United States District Court, D. Nebraska
TRISHA ROBINSON, on behalf of herself and all others similarly situated; Plaintiff,
ACCELERATED RECEIVABLES SOLUTIONS A.R.S., INC., and DAVID W. BROSTROM, Defendants.
MEMORANDUM AND ORDER
Smith Camp Chief United States District Judge
matter is before the Court on the Motion for Judgment on the
Pleadings, ECF No. 37, filed by Defendants Accelerated
Receivables Solutions, Inc. (ARS), and David Brostrom. For
the reasons stated below, the motion will be granted.
September 20, 2016, ARS filed a complaint (County Court
Complaint) in the County Court of Thayer County, Nebraska.
ECF No. 1-1. The County Court Complaint, a standard form used
by ARS, see Compl. ¶ 20-21, ECF No. 1, Page ID
6, alleged fifteen causes of action against Plaintiff Trisha
Robinson for unpaid medical debts, assigned to ARS from
Thayer County Health Services. In total, ARS sought
“$3, 692.85 in principal, $257.39 in interest and/or
check fees, costs of this action, and a reasonable
attorney's fee and post judgment interest as provided by
statute.” ECF No. 1-1. Page ID 17.
February 23, 2017, Robinson filed this action against ARS on
behalf of herself and a class of similarly situated persons,
alleging violations of the Fair Debt Collection Practices
Act, 15 U.S.C. § 1692 et seq. (FDCPA), and the
Nebraska Consumer Protection Act, Neb. Rev. Stat. §
59-1601 et seq. (NCPA). Specifically, Robinson
alleged that ARS was liable for “deceptive acts or
practices” under Neb. Rev. Stat. § 59-1602,
“miscast[ing] the cause of action is [sic] for
‘services and supplies' for the purpose of availing
Defendants of attorney's fees and interest pursuant [to]
Neb. Rev. Stat. § 25-1801, when in fact Defendants do
not meet the statutory requirements, ” Compl. ¶
22, ECF No. 1, Page ID 6, and “seek[ing] . . . sums in
addition to principal, including prejudgment interest and
statutory attorney fees even though their standard collection
complaints do not meet the requirements for being awarded
either attorney fees or prejudgment interest, ”
id. ¶ 23.
Rev. Stat. § 25-1801 states:
Any . . . corporation in this state having a claim which
amounts to four thousand dollars or less against any person .
. . doing business in this state for . . . services rendered
[or] material furnished . . . may present the same to such
person . . . for payment in any county where suit may be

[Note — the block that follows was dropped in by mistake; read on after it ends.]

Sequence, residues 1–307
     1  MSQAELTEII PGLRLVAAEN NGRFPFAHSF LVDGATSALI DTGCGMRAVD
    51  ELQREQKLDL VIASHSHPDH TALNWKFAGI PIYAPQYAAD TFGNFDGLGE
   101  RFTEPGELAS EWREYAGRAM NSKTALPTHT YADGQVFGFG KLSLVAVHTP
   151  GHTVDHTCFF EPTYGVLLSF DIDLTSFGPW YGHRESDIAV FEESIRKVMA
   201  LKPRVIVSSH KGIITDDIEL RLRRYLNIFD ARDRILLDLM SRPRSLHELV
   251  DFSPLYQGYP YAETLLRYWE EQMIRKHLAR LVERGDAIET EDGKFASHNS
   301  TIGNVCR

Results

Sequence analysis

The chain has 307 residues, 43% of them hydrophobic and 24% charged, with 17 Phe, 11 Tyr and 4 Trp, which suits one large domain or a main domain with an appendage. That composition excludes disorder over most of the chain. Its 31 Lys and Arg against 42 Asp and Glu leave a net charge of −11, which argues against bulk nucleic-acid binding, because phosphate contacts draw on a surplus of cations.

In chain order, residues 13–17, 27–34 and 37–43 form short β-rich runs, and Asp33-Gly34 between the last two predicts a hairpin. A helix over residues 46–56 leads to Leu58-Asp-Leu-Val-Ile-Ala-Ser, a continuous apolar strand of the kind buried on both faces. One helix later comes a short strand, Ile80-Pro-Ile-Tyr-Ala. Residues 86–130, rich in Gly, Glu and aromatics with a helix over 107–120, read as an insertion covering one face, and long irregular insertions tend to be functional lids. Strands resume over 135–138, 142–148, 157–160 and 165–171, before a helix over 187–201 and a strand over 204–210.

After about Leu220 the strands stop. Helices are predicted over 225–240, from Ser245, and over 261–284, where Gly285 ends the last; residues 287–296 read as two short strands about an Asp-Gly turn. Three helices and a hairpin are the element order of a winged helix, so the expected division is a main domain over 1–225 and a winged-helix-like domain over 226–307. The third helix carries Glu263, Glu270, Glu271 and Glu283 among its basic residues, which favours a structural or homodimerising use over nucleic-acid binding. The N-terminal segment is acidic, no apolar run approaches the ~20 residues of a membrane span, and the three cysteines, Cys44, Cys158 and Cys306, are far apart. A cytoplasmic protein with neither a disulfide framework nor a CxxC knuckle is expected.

instituted for the collection of the same. If, at the
expiration of ninety days after the presentation of such
claim, the same has not been paid or satisfied, [the
corporation] may institute suit thereon in the proper court.
. . . If [the corporation] establishes the claim and secures
judgment thereon, [the corporation] shall be entitled to
recover the full amount of such judgment and all costs of
suit thereon, and, in addition thereto, interest on the
amount of the claim at the rate of six percent per annum from
the date of presentation thereof, and, if [the corporation]
has an attorney employed in the case, an amount for
attorney's fees as provided in this section. . . .
also alleged that “Defendants' routine practices of
collecting unauthorized charges violates the FDCPA by seeking
and collecting amounts, including interest, fees and costs,
which are not permitted by law in violation of 15 U.S.C.
§1692f and 1692f(1).” Compl. ¶ 24, ECF No. 1,
Page ID 7.
filed the current motion, seeking judgment in their favor on
the grounds that they could not have violated the FDCPA or
NCPA because they were permitted “to seek attorney fees
and pre-judgment interest when collecting debts as an
assignee of a health care provider that provided medical
services and supplies to the consumer” and “to
seek and recover attorney fees for services performed by
attorneys employed as in-house counsel and appearing as
counsel of record when attempting to collect debts arising
from medical services and supplies provided by
Defendants' assignor.” ECF No. 37, Page ID 90-91.
Defendants alternatively sought the certification of several
questions of law to the Nebraska Supreme Court. Id.,
Page ID 91-92.
on the pleadings is appropriate where no material issue of
fact remains to be resolved and the movant is entitled to
judgment as a matter of law.” Minch Family LLLP v.
Buffalo-Red River Watershed Dist., 628 F.3d 960, 965
(8th Cir. 2010) (citing Faibisch v. Univ. of Minn.,
304 F.3d 797, 803 (8th Cir. 2002)). This is “the same
standard used to address a motion to dismiss for failure to
state a claim under Rule 12(b)(6).” Ashley Cnty.,
Ark. v. Pfizer, Inc., 552 F.3d 659, 665 (8th Cir. 2009).
“To survive a motion to dismiss, the factual
allegations in a complaint, assumed true, must suffice
‘to state a claim to relief that is plausible on its
face.'” Northstar Indus., Inc. v. Merrill Lynch
& Co., 576 F.3d 827, 832 (8th Cir. 2009) (quoting
Bell Atl. Corp. v. Twombly, 550 U.S. 544, 570
Claims for Services Rendered versus Claims on Accounts under
motion, ARS argues that Robinson's claims fail because
ARS's County Court Complaint was for “services
rendered” and qualifies for prejudgment interest and
attorney's fees under § 25-1801. Robinson argues
that the County Court Complaint represents a claim on an
“account” and as such doesn't qualify under
§ 25-1801. For support, Robinson relies on Powers v.
Credit Mgmt. Servs., Inc., No. 8:11CV436, 2016 WL
612251, at *1 (D. Neb. Feb. 2, 2016). In Powers, the
defendants were a debt collecting corporation (CMS) and two
of its employees, including an in-house attorney. CMS filed
claims in Nebraska county court, using standard-form
complaints, seeking payment for medical services debts it
purchased from a medical care provider. CMS's
standard-form complaint stated that the medical provider
“provided goods, services and/or labor to ...